One of the terms exclusive to Pickleball is the Erne, more affectionately known as the Pickleball Ernie.
“The Erne shot” was first coined by a videographer named Jeff Shank during the USAPA National Pickleball Tournament held in 2010 in Buckeye, Arizona.
Shank came up with the term after watching one of the tournament’s players, Erne Perry, dominating rallies using the shot.
Erne Perry didn’t invent the shot itself, and Erne admitted learning the move after another player used it effectively against him during a match in the 1990s.
Perry indeed grew the Erne’s popularity with his consistent and effective use of it during the Buckeye tournament.
What is a Pickleball Ernie?
An Erne is a volley played outside the non-volley zone of a Pickleball court.
It is an advanced shot that has become immensely annoying to the vast majority of Pickleball players but, when executed correctly, is a surprise shot that catches opponents off guard.
An Erne is carried out by playing the ball from an out-of-bounds position and performing an effective shot by hitting the ball cross-court at such an angle that an opponent will struggle to hit it.
Why is an Erne Shot so Effective?
You hit an Erne very close to the ball’s apex from a high-up position.
As a result, the player can hit the ball downward instead of waiting for it to come down near the kitchen line, where hitting upwards would be the only option to get it over the net.
You also have the element of surprise when you hit an Erne, as no opponent expects anybody to hit a ball out of the air at such proximity to the net.
Nowadays, the mere thought of the possibility of an Erne shot happening creates stress in the opposition, meaning errors are more likely.
How to Set Up an Erne Shot
It’s probably not wise to attempt to set up an Erne too early in a game.
Hitting an Erne will require patience and observing your opponent’s shot patterns before deciding on its viability.
After that, you’ll need a combination of anticipation, agility and speed to pull the shot off successfully.
As you need to be in position outside the court’s playing surface, either to the right or left of one of the sidelines, it’s imperative to lay the trap for your opposition and get them to play a straight dink close to the sideline, where you’ll be able to reach across the non-volley zone and hit the volley without infringing by stepping into the zone itself.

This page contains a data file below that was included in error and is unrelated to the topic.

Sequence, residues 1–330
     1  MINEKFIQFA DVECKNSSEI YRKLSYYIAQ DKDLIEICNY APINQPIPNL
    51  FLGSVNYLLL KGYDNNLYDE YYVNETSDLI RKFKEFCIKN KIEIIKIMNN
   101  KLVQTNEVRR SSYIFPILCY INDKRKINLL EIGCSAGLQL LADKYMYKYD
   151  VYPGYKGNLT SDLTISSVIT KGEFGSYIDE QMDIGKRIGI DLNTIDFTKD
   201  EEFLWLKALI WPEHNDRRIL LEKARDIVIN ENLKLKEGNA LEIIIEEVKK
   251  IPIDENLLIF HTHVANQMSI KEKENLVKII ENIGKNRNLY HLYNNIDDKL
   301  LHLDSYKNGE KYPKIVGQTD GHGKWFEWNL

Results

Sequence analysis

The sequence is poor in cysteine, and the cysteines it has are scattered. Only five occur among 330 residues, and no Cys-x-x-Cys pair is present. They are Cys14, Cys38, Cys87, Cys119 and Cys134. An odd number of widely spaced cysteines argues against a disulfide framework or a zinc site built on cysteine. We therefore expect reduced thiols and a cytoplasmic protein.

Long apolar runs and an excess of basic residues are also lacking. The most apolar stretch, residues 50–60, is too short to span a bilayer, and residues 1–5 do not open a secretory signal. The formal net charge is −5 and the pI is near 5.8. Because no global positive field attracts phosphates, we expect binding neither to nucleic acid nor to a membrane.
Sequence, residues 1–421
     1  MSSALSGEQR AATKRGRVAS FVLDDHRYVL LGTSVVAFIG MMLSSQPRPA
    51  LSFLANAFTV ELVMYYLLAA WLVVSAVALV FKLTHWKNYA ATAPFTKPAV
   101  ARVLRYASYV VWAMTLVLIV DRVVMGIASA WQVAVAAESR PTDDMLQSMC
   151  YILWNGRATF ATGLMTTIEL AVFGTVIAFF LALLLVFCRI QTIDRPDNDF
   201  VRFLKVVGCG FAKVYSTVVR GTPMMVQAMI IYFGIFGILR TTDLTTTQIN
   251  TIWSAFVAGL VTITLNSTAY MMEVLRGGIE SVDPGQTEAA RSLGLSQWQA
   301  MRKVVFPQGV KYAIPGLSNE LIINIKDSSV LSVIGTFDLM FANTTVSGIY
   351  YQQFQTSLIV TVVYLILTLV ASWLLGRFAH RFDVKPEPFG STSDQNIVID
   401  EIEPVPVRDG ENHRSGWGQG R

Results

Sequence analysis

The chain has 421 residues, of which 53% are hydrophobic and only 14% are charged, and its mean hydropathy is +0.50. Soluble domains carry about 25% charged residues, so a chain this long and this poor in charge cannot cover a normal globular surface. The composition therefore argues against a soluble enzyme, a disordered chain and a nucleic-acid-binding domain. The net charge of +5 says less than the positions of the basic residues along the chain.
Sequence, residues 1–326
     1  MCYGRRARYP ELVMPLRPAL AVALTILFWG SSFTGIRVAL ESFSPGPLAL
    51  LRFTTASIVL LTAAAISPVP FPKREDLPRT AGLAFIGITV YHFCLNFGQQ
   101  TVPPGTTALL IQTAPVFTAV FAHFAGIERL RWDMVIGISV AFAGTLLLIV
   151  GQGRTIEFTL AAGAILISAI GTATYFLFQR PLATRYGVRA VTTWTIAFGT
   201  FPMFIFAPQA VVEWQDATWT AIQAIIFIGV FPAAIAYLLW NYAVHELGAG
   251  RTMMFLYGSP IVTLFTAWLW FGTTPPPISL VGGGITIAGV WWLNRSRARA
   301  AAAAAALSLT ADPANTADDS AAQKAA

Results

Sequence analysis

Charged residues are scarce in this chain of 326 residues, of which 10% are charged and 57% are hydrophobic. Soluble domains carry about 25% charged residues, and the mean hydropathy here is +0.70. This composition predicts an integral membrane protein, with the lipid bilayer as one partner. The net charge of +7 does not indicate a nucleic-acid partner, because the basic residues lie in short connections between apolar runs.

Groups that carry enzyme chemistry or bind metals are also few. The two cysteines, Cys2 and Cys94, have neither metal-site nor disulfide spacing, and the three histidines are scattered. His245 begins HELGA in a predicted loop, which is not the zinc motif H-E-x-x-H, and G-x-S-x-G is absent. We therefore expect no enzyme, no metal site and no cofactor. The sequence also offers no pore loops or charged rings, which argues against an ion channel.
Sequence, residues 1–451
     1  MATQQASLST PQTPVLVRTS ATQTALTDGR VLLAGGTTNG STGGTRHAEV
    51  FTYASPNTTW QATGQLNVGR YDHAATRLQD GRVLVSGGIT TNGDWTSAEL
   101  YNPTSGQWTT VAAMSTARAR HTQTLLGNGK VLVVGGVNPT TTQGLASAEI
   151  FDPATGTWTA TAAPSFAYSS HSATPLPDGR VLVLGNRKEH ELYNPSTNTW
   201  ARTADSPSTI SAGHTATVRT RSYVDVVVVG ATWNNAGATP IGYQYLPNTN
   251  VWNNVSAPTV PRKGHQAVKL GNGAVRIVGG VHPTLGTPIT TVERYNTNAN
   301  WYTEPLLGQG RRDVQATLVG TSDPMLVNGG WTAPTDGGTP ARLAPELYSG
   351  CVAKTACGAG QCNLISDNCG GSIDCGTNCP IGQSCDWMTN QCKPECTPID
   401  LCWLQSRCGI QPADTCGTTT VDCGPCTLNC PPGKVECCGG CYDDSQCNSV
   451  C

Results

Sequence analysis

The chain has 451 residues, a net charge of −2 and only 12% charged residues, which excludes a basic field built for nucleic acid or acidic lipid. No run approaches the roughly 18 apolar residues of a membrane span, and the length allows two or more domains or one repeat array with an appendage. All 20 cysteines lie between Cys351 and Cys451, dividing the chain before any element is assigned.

To set up an Erne in Pickleball means practicing the execution and being extremely patient while waiting for an opportunity to put your practice, well, into practice.
You’ll likely have to set the trap by hitting a dinking rally of various depths and locations before dinking deep close to your opponent’s sideline.
If all goes to plan, your opponent, not even considering the Erne is an option, will react by dinking straight close to the sideline, as the alternative shot across the court is much more challenging to negotiate.
Your patience has paid off, and you’ll have the chance to attempt an Erne.
Although it sounds pretty simple, it is anything but.
Even when your opponent is in the process of playing the straight dink, you’ll have to anticipate the exact time to move out of the court.
From there, it’s all about timing – your initial movement, your reaction to your opponent’s dink, and your later action to ensure you don’t enter the non-volley zone after playing the Erne.
If the shot is successful, prepare yourself for a fair amount of moaning from your opponents and even more applause from onlookers on the sideline.
Why is the Erne Legal in Pickleball?
The Erne is a legal shot in Pickleball as, according to the official rules of Pickleball, any volley made from outside the non-volley zone is legal.
So, in essence, you cannot hit a volley from within the court region between the service areas and the net, as marked with the NVZ line.
This technicality makes the Erne legal as it is not infringing any of the game’s official rules.
This non-volley zone, or kitchen zone, spans seven feet, and players usually use the rule to dink the ball, so it clears the net and bounces within the kitchen line of their opponent.
How Can You Defend Against an Erne in Pickleball?
If you get caught out by an Erne shot, there’s not a great deal you can do.
The best defense against this shot is to restrict any chance of your opponent playing it.
Always keep an eye on where your opponent is, and with the Erne in mind, try not to play the ball into an area of the non-volley zone where your opponent could use the Erne against you.
If the opposition does manage to slip an Erne into play, the best you can attempt to do is hit the ball back in the direction of your opponent’s body.
There’s always a chance that, with a bit of luck, the ball may touch them when they’re back in the non-volley zone, which would cause a fault against them.
Remember that it’s against the rules to tag another player intentionally, so if you’re in two minds, perhaps attempt to lob the ball instead.
Must an Erne shot go over the Pickleball net?
In an adaption of the Erne, if a dink is hit wide enough, an opponent can play a return that bypasses the net and lands in the opposition’s court, known as an around-the-post shot.
Am I allowed to reach over the net in Pickleball?
Rule #11 states: “If the ball bounces into a player’s non-volley zone with enough backspin as to cause it to return over the net, the player may reach over or around the net to hit the ball but may not touch the net system or the opponent’s court.”